After a dry spell for tech IPOs in 2016, we are recording a good beginning for a new year with brightening IPO market globally. Snapchat is expected to set a new record for tech IPOs at a 25 billion USD valuation, while a raft of anticipated listings from uprising startups are in the pipeline.
As market prospects soar, Chinese tech companies are also poised to win back investors hearts. Here’s a list of IPO candidates from China in this year.
Ant Financial, the operator of China’s most popular mobile payment tool Alipay and other financial services, was founded in December 2014 when it was spun out of Alibaba before the latter’s record IPO in September 2014.
As the most valuable spin-off of the e-commerce giant, Ant Financial has completed a 4.5 billion USD round at a valuation of 60 USD billion.
The company has been on the rumored IPO list for years and it seems that the company is in no hurry for the IPO as it’s putting its focus on business growth and user acquisition. But 2017 is definitely on the radar, especially for late 2017.
In preparation to the IPO, Ant Financial reshuffled its top leaders last year. The company is likely to get listed in mainland China and Hong Kong.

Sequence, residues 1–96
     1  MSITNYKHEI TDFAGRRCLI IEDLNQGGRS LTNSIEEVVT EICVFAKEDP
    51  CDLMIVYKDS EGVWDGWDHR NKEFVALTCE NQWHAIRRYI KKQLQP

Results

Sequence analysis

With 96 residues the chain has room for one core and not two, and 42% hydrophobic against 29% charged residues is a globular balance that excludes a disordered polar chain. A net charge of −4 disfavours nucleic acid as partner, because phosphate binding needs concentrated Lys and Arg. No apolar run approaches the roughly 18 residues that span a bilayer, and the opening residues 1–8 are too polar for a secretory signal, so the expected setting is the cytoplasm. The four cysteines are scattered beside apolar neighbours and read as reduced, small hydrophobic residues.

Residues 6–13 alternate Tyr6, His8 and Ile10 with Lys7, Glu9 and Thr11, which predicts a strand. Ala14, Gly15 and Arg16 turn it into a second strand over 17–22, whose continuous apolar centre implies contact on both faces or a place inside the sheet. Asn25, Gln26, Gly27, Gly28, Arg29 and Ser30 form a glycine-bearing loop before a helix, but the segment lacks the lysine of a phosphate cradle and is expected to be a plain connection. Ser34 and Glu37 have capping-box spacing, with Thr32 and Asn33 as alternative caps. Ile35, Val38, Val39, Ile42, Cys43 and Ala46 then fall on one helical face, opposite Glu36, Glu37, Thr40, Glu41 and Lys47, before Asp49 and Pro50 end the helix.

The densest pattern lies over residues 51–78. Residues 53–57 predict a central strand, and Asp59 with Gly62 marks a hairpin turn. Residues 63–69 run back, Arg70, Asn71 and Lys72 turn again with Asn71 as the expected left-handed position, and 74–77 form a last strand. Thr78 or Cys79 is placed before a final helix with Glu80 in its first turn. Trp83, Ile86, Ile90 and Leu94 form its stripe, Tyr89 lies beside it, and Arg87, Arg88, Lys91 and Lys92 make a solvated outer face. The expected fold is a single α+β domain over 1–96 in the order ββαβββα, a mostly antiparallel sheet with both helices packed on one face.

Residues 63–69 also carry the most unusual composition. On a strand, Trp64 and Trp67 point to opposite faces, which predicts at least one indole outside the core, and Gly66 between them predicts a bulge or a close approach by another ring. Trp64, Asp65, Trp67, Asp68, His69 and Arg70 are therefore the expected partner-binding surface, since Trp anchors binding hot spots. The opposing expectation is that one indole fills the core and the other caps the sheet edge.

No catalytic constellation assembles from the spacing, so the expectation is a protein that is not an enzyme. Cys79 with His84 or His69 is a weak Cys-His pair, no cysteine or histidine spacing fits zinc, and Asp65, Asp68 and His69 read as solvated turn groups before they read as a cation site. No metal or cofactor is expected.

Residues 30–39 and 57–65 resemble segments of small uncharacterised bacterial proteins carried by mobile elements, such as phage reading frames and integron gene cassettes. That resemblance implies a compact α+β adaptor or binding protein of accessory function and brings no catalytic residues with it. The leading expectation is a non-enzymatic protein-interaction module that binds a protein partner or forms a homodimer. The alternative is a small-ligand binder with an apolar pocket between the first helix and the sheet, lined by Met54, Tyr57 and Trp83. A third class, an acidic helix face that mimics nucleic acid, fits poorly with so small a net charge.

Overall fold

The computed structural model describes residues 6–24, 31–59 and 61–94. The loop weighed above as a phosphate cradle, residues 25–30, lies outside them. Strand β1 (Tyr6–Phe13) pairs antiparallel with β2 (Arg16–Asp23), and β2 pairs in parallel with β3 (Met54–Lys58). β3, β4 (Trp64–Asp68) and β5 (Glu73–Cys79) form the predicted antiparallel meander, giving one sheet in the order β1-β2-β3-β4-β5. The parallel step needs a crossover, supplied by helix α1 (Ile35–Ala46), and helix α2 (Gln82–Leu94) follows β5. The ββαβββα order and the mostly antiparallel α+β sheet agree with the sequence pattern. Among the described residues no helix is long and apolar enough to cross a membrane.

KuaishouKuaishou might be a lesser-known name for users outside of China, but the 3 billion USD video clip and photo editing and sharing app, is hugely popular in the Middle Kingdom, especially in low-tier cities and towns, in the wake of China’s video and photo sharing boom.
The app has recorded its first surge since the beginning of last year, with traffic consumption topping that of Weibo and WeChat, the two biggest mobile apps in the Chinese market.
Currently, Kuaishou claims over 400 million registered users. TechCrunch citing sources that the firm has amassed more than 40 million DAU against 100 million MAU. The same source disclosed that Kuaishou is planning to go public in the U.S. in the later half of this year.
The company is venture backed by Sequoia Capital, DST, Baidu, and DCM.
China ReadingBacked by Chinese internet titan Tencent, China Reading, aka Yuewen Group, is China’s biggest online publishing and e-book company. Born out of a merger of Tencent Literature and Shanda Cloudary in 2015, the platform claimed some 600 million registered readers across its nine e-reading platforms like QQ Reader and Qidian.
Reuters reported that the company plans to raise up to $800 million in a Hong Kong IPO in 2017.
QudianFounded just two years ago, online microlender Qudian rose to prominence on the back of its student loan service Qufenqi, which allows college students and young white-collar workers to purchase smartphones, laptops and other consumer electronics with monthly installments.